The Associated Press
Excerpts from recent editorials in newspapers in the United States and abroad:
The Tennessean, Nashville, Tenn., on airlines should be free to make decisions on cellphone use:
Cellphones are not cigarettes, although it is easy to understand why some of us want to be as free from listening to disembodied conversations as we are from secondhand smoke in confined spaces.
The five largest U.S. airlines have weighed in against the removal of Federal Communications Commission restrictions on the use of cellular phones in flight. Customers are against it, they say, as are most of their employees.
As Delta Air Lines CEO Richard Anderson said, "Delta employees, particularly our in-flight crews, have told us definitively that they are not in favor of voice calls on board." No surprise there. What flight attendant wants to try to separate someone from his or her inalienable right to talk on the phone?
While the FCC chairman, Tom Wheeler, personally agrees that problems could arise, earlier this month he said, "I get it. I don't want the person in the seat next to me yapping at 35,000 feet any more than anyone else." But he added, the FCC is charged with regulating the technology, not social convention.
The airlines do not want to be the arbiters, or invest in the technology needed to support cellphone use, but the federal government should not enforce a blanket ban on cellphones.
Cellphone conversations are not the health hazard that secondhand smoke is, and airlines should make their own decisions on how obtrusive technology is used on board their flights, not Congress. The Department of Transportation should give the responsibility to each airline on how they restrict cellphone usage.
It is too infrequent that regulators ease their restrictions, and we should not be too quick to relinquish choices to a political and bureaucratic infrastructure that we may later regret.
Technologies change, and airlines might find solutions that work for all, but not if legal and regulatory hurdles prevent even thinking about innovation.
The Post and Courier, Charleston, S.C., on warped zeal against Christians:
Members of the Christian faith are increasingly under attack in Syria, Iraq, Egypt and other Middle Eastern countries. Though the main victims of the rising tide of sectarian violence in the region are Muslim civilians targeted by militants from the rival Sunni and Shia branches of Islam, violence against Christians is also increasing.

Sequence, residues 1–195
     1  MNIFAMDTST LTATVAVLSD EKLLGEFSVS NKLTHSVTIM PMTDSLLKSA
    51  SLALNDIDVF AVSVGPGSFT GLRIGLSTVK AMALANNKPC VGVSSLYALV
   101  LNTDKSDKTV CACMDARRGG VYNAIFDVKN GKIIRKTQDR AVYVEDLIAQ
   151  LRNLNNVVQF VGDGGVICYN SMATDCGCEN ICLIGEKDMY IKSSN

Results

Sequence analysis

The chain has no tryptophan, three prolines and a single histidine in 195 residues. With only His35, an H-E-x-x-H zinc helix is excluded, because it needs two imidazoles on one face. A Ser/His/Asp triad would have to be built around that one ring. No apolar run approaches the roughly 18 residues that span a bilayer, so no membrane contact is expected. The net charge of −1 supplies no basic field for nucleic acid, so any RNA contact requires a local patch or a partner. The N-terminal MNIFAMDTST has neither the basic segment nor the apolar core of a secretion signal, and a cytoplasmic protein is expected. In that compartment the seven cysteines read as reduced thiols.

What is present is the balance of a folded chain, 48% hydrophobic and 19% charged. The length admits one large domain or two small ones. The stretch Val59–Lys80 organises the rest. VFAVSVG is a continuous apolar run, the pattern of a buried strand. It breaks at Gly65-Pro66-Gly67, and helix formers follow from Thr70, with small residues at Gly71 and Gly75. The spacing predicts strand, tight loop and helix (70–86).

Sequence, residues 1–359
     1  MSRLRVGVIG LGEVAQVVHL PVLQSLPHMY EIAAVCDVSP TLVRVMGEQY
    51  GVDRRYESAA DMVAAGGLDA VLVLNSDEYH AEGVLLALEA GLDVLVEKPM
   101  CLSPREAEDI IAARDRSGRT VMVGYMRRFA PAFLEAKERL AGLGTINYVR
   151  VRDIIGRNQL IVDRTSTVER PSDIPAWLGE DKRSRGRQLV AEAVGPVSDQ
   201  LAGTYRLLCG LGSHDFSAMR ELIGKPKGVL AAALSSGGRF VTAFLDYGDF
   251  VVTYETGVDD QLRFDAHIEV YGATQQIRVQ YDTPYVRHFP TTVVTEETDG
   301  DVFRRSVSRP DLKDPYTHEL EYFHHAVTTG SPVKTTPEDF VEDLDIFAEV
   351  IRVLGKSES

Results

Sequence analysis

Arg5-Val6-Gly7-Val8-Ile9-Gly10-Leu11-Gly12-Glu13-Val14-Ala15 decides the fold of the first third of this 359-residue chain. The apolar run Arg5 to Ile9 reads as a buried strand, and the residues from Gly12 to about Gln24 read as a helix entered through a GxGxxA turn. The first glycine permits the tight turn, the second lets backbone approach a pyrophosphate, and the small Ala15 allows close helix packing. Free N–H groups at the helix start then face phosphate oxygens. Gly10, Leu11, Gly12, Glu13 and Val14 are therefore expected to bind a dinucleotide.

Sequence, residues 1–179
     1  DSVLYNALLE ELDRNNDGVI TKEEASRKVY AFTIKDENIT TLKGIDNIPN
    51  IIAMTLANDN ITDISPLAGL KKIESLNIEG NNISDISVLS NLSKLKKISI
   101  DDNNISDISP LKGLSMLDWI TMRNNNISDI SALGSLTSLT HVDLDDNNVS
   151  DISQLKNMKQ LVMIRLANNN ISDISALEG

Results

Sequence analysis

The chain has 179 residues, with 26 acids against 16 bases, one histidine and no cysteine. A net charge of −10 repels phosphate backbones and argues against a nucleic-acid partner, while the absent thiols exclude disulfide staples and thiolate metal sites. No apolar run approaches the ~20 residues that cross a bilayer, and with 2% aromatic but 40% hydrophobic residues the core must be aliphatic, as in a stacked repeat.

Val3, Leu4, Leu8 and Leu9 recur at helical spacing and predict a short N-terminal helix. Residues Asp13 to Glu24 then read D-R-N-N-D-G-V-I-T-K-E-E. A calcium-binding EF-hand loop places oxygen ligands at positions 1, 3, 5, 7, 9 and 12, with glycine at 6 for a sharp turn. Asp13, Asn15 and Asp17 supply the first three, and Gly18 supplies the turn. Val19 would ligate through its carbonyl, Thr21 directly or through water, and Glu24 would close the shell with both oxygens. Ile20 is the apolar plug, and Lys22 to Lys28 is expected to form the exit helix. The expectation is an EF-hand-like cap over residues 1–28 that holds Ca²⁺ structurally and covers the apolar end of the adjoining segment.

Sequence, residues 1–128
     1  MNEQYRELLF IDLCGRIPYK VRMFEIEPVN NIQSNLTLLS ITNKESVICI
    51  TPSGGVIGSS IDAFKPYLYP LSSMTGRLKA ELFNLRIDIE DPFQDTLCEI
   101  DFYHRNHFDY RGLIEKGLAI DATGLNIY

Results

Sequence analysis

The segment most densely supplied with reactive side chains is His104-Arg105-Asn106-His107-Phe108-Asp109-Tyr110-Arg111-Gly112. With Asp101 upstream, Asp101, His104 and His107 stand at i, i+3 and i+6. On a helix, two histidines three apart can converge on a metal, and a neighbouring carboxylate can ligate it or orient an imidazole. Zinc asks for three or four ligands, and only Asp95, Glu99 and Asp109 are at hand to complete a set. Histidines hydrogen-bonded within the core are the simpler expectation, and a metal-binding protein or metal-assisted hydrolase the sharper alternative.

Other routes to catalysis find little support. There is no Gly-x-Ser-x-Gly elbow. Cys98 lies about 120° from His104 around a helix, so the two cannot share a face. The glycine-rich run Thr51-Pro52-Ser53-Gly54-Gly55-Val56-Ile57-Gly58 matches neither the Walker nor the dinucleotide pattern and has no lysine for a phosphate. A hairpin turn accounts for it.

There is not much that can be done about this distressing trend so long as radical Islamists are free to target people of other faiths in the increasingly chaotic Mideast.
As Michael Gerson points out on our Commentary page, the persecution and murder of Christians have drawn the attention of Pope Francis and England's Prince Charles, who recently said, "It seems to me that we cannot ignore the fact that Christians in the Middle East are, increasingly, being deliberately targeted by fundamentalist Islamist militants."
Fresh examples include three Christmas Day attacks in Iraq, including a car bomb outside a church service, which killed 37 Christians. And nine nuns were kidnapped early this month in Syria, where there are frequent reports of abductions, torture, mass killings and beheadings of Christians. Violence in Egypt against Coptic Christians peaked last August - for the time being - with the destruction of scores of churches and drive-by killings.
Fundamentalist Muslim clergy and Islamic terrorists seem determined to rid the Mideast of Christians, just as they once drove out Jews. An imam in Iraq has declared that wearing a red Santa Claus hat is equivalent to being converted to Christianity, a capital offense under Muslim law.
Canon Andrew White, the esteemed vicar of St. George's Anglican Church in Baghdad, reports that Iraqi Christians are "frightened even to walk to church because they might come under attack. All the churches are targets ... We used to have 1.5 million Christians, now we have probably only 200,000 left."
As Gerson notes, religious tolerance is one of the fruits of Western democracy - but it is also the outcome of centuries of religious strife in Europe that gradually led people to seek a separation between church and state.
In contrast, a major objective of fundamentalist Muslim groups is to impose a particular form of religious law, Sharia, on everyone. As Prince Charles has said, the bridges of respect and understanding that he and other world leaders have tried to build with moderate Muslim leaders "are rapidly being deliberately destroyed by those with a vested interest in doing so."